An updated Gafgyt variant is found attempting to infect IoT devices; specifically small office/home wireless routers of known commercial brands like Zyxel, Huawei, and Realtek. The variant uses remote code execution exploits to gain access and recruit routers into botnets to attack gaming servers – most notably those running the Valve Source engine – and cause a Denial of Service (DoS). This variant also competes against similar botnets, which are frequently sold on Instagram. According to Shodan scans, there are more than 32,000 WiFi routers potentially vulnerable to these exploits around the world. Following flaws are being exploited to drop this variant.
CVE-2017-18368 – ZYXEL P660HN-T1A
CVE-2017-17215 – Huawei HG532
CVE-2014-8361 – Realtek RTL81XX Chipset
It uses three “scanners” that attempt to exploit known remote code execution vulnerabilities present on the routers mentioned above. These scanners replace the typical dictionary attack commonly found in other IoT botnets.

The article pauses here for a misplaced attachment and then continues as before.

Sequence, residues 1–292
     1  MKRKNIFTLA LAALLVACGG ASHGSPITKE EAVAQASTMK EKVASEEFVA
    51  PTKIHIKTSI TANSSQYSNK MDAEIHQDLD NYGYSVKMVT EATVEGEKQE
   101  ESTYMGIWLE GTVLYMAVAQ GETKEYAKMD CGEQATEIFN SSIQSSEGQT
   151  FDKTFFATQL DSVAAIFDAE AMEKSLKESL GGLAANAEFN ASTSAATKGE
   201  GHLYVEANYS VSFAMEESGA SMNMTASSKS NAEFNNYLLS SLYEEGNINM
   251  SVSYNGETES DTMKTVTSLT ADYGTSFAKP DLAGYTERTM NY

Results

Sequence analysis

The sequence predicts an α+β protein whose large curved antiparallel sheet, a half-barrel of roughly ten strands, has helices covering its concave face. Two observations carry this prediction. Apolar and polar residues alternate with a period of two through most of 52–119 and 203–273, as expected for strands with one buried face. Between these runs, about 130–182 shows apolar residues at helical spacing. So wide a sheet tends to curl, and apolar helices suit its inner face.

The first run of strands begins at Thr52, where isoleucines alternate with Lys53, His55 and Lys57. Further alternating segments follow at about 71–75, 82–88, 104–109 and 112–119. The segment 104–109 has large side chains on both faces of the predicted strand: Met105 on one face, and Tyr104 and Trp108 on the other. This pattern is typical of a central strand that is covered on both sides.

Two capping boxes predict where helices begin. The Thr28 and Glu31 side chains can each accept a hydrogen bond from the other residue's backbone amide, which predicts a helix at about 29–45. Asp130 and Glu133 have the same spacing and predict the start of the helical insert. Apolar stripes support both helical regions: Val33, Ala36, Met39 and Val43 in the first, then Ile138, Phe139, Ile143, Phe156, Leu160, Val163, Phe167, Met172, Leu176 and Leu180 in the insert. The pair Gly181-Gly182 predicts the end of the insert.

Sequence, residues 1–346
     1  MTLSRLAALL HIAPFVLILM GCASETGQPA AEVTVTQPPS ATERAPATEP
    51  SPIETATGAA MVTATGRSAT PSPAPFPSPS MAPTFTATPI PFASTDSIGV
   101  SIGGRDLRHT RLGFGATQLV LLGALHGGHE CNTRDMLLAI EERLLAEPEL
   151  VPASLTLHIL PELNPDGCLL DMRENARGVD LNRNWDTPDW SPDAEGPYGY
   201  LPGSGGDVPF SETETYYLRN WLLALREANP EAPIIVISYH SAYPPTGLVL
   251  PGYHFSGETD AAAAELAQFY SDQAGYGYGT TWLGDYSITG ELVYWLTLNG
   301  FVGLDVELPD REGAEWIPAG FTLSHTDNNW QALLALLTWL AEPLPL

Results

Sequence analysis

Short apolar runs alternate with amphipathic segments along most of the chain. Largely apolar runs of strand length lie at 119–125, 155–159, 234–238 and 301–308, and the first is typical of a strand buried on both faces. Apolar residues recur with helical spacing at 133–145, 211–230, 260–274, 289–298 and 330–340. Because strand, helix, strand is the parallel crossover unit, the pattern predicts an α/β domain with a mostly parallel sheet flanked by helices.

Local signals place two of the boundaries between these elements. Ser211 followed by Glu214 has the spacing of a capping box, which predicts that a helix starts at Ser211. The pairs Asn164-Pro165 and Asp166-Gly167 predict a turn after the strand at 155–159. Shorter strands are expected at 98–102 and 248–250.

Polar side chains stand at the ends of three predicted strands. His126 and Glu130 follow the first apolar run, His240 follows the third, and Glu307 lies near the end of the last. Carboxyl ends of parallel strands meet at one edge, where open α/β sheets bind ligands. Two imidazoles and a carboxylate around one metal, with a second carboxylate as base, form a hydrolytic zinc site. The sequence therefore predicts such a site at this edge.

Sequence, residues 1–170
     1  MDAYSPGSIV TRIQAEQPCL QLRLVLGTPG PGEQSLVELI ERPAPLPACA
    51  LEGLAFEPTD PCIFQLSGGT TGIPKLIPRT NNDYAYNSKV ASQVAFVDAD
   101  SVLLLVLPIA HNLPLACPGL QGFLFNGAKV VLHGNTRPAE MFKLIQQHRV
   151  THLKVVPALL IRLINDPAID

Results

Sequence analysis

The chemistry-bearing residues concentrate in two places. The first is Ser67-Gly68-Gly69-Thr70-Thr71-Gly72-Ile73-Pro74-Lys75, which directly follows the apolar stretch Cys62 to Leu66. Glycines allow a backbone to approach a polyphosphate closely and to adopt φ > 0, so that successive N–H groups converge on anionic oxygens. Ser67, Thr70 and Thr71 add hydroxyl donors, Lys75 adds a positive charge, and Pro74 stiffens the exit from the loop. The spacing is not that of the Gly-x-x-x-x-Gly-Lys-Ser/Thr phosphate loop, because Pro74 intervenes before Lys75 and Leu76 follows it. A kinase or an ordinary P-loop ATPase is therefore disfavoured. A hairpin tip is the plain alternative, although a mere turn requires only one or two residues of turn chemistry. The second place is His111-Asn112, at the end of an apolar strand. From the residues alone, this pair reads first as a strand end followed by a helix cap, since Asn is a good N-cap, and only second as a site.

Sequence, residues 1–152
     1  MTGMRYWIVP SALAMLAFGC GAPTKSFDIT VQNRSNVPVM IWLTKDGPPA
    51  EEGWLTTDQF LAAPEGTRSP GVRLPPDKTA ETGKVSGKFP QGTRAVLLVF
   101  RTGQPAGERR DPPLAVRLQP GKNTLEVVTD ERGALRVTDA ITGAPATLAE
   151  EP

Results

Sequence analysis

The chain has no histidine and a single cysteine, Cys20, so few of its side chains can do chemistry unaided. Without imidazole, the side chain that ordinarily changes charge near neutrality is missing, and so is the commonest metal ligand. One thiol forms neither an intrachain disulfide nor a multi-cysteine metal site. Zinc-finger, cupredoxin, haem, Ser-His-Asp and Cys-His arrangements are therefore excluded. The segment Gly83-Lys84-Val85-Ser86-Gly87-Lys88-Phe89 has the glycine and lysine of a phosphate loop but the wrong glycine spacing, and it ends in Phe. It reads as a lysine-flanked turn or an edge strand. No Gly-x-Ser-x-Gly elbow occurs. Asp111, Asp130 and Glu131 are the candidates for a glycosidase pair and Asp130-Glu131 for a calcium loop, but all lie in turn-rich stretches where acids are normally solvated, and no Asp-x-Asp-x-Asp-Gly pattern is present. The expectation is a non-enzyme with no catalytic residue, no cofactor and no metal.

The exploits were crafted to work as binary droppers, which pull the corresponding binary from a malicious server depending on the type of device it is trying to infect.
Once the malware is running on a compromised device, it connects to a C2 server, which is the same as the binary dropper server, and sends the device information to join the botnet. Once the device joins the botnet, it starts receiving commands to perform various types of DoS attacks.